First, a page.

In good times and bad, honesty is the way to go. Great business leaders know this.



Creating a Culture of Honesty

I once worked for a company in which a change was coming to the department where I worked. It was a change that would be disruptive, as most changes are, and that would require adaptation by every person in the department.

After the change was in place, I asked a co-worker what she thought of the change. “I hate it,” she said. “I don’t see how this is going to make anything better. In fact, it’s making things worse. But I guess there’s not a lot we can do about it.”

I was impressed with her candor and honesty — until we and others in our department found ourselves in a conversation with the vice president to whom our department reported. The vice president asked us what we thought of the change. Everyone, including the woman who told me how much she hated the change, told the vice president that they thought it would require a little adjustment, but they were sure it would be great in the long run.

That kind of dishonesty happens all the time in workplaces. And dishonesty is not too strong a word to describe it. Feeling and believing one thing, but saying another, is the definition of dishonesty. It keeps teams from performing at a high level and it leads to all kinds of disharmony among co-workers. A company simply can’t get things done if this lack of integrity exists.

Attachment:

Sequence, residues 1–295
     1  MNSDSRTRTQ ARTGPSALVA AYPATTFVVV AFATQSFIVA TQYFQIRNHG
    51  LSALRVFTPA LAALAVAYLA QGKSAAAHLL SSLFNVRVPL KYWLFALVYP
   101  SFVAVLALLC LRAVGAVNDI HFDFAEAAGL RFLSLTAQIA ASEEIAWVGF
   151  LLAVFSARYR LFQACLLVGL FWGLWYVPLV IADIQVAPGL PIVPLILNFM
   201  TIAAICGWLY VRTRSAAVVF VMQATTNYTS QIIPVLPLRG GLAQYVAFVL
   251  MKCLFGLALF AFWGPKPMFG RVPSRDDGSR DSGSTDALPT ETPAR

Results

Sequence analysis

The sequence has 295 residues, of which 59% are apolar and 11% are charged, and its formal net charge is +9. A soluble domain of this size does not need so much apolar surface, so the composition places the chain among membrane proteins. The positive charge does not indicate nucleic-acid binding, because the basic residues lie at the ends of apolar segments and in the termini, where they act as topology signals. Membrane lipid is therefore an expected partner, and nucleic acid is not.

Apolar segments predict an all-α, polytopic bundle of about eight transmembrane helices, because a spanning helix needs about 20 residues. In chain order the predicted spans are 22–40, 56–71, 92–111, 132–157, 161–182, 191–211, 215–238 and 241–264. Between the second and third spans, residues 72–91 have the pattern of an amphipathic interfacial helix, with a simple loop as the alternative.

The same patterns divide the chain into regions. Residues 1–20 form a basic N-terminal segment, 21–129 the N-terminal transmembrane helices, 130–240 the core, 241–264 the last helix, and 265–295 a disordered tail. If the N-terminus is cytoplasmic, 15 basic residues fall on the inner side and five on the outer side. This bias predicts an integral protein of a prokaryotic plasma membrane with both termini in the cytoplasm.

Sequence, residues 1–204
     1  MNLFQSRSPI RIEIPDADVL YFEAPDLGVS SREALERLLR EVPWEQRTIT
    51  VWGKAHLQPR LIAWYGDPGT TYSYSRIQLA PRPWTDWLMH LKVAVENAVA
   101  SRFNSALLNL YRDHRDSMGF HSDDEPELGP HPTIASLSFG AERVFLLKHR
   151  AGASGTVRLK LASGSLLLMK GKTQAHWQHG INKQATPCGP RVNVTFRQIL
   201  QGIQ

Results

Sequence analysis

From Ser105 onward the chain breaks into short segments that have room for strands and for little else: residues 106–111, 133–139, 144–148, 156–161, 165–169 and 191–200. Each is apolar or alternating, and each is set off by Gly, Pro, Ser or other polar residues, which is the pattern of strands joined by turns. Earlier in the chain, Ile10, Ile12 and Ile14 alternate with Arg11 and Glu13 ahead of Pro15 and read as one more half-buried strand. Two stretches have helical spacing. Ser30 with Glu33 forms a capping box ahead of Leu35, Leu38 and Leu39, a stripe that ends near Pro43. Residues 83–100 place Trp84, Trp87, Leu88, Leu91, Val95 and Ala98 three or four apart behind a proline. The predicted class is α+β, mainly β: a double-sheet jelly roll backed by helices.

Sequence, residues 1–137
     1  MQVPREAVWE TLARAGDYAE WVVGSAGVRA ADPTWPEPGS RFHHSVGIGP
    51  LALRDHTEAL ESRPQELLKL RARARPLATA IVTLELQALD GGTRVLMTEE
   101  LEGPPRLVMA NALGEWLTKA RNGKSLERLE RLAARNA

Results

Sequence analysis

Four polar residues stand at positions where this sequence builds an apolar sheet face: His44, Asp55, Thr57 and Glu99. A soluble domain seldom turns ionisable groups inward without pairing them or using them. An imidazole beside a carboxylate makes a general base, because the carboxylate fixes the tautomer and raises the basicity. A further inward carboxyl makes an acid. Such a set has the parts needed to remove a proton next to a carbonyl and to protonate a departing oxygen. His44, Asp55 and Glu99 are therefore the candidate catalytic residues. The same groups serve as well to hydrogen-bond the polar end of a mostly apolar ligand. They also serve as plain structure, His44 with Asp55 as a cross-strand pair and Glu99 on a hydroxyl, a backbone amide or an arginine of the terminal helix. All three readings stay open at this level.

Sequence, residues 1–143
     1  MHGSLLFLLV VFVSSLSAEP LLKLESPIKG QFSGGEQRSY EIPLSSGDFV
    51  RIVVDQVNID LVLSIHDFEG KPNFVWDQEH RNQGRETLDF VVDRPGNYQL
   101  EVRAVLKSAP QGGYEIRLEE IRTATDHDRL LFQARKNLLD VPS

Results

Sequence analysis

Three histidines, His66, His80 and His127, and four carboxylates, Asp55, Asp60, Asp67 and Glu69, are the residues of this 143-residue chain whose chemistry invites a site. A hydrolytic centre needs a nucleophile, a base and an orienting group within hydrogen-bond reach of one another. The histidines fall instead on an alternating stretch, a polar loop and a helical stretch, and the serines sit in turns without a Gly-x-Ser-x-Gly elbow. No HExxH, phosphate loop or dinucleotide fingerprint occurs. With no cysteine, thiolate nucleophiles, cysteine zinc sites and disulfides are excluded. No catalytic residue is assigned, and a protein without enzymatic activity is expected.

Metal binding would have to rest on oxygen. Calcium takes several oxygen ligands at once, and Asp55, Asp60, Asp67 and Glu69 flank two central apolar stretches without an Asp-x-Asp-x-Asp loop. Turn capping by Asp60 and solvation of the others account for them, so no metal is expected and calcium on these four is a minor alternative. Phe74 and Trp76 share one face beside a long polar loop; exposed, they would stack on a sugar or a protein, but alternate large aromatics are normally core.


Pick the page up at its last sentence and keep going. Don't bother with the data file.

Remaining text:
To overcome this kind of disingenuous behavior requires something of everyone at every level of a team:

  • Company leaders must set the tone and the expectation of honesty and integrity. And they must do more than just talk about it, they must demonstrate it. Leaders have tremendous influence on the culture of an organization. They must ensure their words truly reflect what they believe and that their actions match their words.
  • Mid-level managers, including the vice president in this example, must create an environment in which it is safe for employees to be candid and open. Employees must know they can express their worries and concerns and ask questions without fear of retribution. Often, retribution is not overt, such as terminating someone for speaking their mind. More often, it’s subtle — making life difficult for the employees who speak honestly, shutting them out of opportunities, constantly criticizing their work. Sometimes employees who speak honestly are labeled “malcontents” or “troublemakers,” and indeed some employees take on that role. But in order for a team to deal effectively with change and to perform at a high level, employees must feel safe in expressing their ideas, opinions and questions.
  • Once a trusting, safe environment is established, employees have a responsibility to speak sincerely and honestly. They will “test the system” first to see if it truly is safe to speak up, and then they must be vulnerable enough to trust it. In a culture of integrity and honesty, employees are obligated to say what is on their minds. That’s when the best ideas come forward and assumptions are challenged, which leads to growth.